When my husband and I made the grueling decision to send our son away during the fall of 2019, we knew it was the right decision. Our lives were utterly unmanageable, and we firmly believed we had to make what seemed like an insane choice to save his life. With this action, we helped catapult him into recovery, but perhaps more important, is how I’ve found my own recovery along the way.
My journey over the past 16 months has truly been the proverbial peeling away of the onion. Early on, I began to recognize the immense anger against my son that had consumed me for years. This anger was justified – one need only look at his path of destruction to understand. But over time, I began to recognize that much of this anger was because his unraveling was so reminiscent of the chaos of my early life. I now understand that my unprocessed trauma was right there with me as I tried to navigate my son’s descent into madness.
About ten months after my husband and I sent our son away, I began to see my early life experiences for what they were. To the outside world, my upbringing was typical – I lived in a “Brady Bunch” house in a quaint southern city. But hiding beneath this mask were my early years with my severely schizophrenic mother, and later upbringing by my well-intentioned parents, who were also a workaholic father and overwhelmed stepmother. My birth mother, who officially abandoned me when I was 4 or 5, was never discussed in my home, nor was there any opportunity to process this past.
I learned to hide my feelings, just as my parents had learned in their childhoods. Don’t cry over spilled milk or your missing mother. Be good, pull yourself up by your bootstraps, and be independent. I’m sure you can imagine that growing up to have a son with substance abuse issues was not in the plan. I denied his mental health challenges and addiction for as long as I could – until I found him with a syringe and sent him away in a sea of fear, pain, and confusion.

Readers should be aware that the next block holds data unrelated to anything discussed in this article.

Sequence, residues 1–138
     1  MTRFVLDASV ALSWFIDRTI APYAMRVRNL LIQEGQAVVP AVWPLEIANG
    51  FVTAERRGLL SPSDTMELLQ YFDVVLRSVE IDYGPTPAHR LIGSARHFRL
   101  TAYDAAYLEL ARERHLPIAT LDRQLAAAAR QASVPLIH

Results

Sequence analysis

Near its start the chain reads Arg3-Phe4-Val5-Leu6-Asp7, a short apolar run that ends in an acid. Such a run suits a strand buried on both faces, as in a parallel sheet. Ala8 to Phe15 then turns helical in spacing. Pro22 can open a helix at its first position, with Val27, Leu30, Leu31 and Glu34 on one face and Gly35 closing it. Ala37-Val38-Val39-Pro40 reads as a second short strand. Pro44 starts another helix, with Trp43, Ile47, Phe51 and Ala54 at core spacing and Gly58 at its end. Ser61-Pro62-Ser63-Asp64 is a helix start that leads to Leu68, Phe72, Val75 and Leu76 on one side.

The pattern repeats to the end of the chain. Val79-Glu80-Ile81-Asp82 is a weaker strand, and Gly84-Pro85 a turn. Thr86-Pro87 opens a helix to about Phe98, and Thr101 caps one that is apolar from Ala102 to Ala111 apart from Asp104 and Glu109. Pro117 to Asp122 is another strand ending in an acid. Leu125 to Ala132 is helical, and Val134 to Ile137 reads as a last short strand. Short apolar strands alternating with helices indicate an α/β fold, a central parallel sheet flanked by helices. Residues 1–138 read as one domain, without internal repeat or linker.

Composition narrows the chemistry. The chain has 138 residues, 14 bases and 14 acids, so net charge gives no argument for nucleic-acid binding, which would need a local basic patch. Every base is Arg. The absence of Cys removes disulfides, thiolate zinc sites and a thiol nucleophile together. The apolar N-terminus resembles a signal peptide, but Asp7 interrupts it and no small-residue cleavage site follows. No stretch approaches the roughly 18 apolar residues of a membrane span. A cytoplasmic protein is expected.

My journey now is to untangle these feelings so that I can begin to process this early trauma. This hasn’t been easy for me; I’ve had to learn to recognize these feelings and share them. Similarly, I’ve had to take notice of my ever-present anxiety and need for control. Personal therapy has helped, as have the weekly meetings with my son’s therapists and the many poignant books and podcasts available today.
My lifeline comes from support groups. Grappling with these issues in a welcoming peer environment has catapulted my growth. OPLM groups bring me a sense of connection and help normalize my situation, bolstering my approach to my daily life. As I’ve gained insight into the workings of my mind, I’ve also found the space to practice gratitude and incorporate mindfulness.
My journey continues, but regardless of what the future brings, I know I am not alone. I now have skills and support to heal myself, rebuild my relationship with my son, and take whatever life brings my way.
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